Harley-Davidson 1960 Topper. Engine number 60A2151
The Topper has a 165 cc (10.1 cu in) single-cylinder two-stroke engine mounted horizontally between the floorboards.
The engine requires a premixed gasoline/oil mixture.
The starter is of the rope-recoil type similar to lawn mowers.
Unlike most scooters with enclosed engines, the Topper's engine does not have a cooling fan.
It was expected that the low, horizontally mounted engine would be cooled by air passing under the scooter, but some Toppers developed overheating problems.
The engine uses a reed valve in its induction system.
The engine powers a continuously variable transmission called "Scootaway Drive" that includes a safety device that did not allow the scooter to move from rest at engine speeds higher than 1800 rpm. Final drive is by an exposed roller chain.
The Topper has 5 inch internal expanding drum brakes on both wheels.
The front brake is controlled by a hand lever on the left handlebar with a parking brake lock the rear brake is controlled by a pedal. The front body, front fender and floorboards of the Topper are made of stamped steel, and the engine cover and body are made of molded fiberglass.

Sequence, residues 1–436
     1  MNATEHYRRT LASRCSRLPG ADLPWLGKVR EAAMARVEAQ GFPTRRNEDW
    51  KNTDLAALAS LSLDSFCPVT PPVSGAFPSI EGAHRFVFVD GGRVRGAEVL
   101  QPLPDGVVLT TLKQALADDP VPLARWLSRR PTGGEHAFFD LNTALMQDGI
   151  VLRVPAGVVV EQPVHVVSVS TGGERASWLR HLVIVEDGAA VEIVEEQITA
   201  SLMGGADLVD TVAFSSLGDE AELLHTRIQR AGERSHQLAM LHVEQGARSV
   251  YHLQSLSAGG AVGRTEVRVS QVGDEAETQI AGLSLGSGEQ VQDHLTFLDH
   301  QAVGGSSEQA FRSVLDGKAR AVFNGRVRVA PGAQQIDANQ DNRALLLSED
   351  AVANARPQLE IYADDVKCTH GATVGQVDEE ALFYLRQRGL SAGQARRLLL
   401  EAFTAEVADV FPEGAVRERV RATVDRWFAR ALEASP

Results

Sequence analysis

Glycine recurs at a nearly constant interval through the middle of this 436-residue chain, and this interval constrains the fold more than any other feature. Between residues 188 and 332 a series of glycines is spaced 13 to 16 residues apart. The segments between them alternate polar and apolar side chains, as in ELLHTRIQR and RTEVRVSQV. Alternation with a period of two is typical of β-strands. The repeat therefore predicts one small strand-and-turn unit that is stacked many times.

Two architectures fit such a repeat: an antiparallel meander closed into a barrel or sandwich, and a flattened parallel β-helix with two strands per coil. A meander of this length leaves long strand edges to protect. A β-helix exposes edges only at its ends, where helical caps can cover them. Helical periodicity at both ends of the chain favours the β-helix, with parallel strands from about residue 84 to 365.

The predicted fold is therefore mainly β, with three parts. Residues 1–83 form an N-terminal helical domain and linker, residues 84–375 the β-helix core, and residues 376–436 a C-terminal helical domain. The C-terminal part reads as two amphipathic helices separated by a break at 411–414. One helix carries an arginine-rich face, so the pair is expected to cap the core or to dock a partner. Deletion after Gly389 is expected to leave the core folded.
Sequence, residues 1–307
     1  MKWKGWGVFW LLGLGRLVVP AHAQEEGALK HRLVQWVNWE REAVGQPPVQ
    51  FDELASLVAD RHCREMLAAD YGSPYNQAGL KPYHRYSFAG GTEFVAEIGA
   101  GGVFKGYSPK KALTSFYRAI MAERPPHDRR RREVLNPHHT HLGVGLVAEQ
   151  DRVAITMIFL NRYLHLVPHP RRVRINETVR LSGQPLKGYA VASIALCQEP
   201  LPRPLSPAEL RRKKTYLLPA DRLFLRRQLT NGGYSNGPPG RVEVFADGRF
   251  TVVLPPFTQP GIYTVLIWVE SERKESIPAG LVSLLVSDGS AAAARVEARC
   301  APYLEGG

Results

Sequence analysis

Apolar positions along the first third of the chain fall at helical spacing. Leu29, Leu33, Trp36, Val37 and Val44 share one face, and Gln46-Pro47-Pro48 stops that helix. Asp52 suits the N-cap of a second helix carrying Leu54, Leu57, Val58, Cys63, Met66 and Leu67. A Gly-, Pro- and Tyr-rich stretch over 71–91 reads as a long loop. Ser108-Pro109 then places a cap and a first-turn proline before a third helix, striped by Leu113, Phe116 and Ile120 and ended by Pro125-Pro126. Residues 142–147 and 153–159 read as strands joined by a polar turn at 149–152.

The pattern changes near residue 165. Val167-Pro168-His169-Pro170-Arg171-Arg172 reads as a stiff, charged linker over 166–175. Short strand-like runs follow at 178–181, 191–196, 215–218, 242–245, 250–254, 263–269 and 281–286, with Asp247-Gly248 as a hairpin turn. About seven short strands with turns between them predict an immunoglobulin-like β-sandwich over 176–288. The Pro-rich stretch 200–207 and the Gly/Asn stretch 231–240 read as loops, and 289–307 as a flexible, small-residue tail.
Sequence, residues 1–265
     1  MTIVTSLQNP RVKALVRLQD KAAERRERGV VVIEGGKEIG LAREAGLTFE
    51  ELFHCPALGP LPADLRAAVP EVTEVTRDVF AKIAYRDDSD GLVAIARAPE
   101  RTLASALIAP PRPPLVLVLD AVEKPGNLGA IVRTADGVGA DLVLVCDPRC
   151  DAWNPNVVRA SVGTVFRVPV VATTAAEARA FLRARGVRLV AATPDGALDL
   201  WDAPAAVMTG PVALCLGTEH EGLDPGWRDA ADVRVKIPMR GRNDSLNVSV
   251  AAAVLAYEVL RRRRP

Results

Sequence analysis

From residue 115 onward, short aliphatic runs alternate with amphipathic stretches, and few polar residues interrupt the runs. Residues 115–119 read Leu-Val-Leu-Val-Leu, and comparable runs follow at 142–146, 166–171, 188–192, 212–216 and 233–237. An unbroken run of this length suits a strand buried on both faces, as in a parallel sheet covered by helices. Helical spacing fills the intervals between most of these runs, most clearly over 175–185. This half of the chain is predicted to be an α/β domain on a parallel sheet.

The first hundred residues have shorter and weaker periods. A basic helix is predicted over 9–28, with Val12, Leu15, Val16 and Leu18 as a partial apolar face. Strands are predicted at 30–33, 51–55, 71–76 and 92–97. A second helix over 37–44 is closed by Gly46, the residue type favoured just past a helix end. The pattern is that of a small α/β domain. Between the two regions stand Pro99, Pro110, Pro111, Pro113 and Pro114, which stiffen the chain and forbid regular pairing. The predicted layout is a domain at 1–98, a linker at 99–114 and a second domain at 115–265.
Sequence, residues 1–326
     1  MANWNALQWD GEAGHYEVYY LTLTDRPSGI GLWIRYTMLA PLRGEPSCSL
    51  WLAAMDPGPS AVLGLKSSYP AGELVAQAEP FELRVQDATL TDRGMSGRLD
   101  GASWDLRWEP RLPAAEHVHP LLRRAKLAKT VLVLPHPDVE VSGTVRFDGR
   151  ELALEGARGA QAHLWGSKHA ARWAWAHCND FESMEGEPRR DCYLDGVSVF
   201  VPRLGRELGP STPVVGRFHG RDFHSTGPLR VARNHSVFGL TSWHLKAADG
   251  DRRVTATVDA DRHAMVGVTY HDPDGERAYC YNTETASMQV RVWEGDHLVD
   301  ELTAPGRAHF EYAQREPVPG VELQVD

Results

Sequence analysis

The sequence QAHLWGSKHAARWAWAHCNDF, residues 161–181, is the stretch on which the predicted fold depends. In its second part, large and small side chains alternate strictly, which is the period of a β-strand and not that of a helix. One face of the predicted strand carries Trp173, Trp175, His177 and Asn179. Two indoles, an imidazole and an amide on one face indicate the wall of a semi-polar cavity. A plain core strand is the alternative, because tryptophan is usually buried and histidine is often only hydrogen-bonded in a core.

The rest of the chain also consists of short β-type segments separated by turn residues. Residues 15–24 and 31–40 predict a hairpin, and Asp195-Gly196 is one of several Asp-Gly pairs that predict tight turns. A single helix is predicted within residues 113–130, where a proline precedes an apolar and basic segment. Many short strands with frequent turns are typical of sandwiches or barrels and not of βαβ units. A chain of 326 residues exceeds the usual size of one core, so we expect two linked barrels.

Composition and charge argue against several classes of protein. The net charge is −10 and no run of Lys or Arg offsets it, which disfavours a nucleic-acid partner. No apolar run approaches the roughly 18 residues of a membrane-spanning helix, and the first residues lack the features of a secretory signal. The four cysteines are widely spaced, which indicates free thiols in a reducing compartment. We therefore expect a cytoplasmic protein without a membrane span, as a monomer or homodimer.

Storage space is provided under the seat; the manufacturer suggested storing extra containers of two-stroke oil there.
The main complaint from Topper owners was with the "Scootaway Drive" continuously variable transmission. Road grime would get into the transmission and cause the belt to slip.
A new transmission, with the primary drive sealed in an oil bath, was introduced for 1961.
The Topper H was introduced in 1961 (sold through 1965) with a new alloy cylinder head that increased the compression ratio to 8.0:1, a reusable foam air filter, and revisions to the cylinder ports and air intake tube.
A detuned version of the Topper was also available, with the power restricted to 5 hp (3.7 kW) This was advertised as the "Topper U".
The detuned Topper was made to comply with laws in some states in the United States that allowed motorcycles with rated engine power below a stated maximum to be operated without a license or to be operated on a special license by riders at a younger age than would be allowed a regular motorcycle license.
In 1959, a Topper was ridden from Bakersfield, California to Death Valley and back without repair or adjustments requiring tools.
The route went through Trona, through the Mojave Desert to Stovepipe Wells, on to Badwater Basin, the lowest point in North America at 282 ft (86 m) below sea level, then to Whitney Portal, 7,851 feet (2,393 m) above sea level on the side of Mount Whitney, after which it returned to Bakersfield.
This Harley-Davidson “Topper” has been restored with care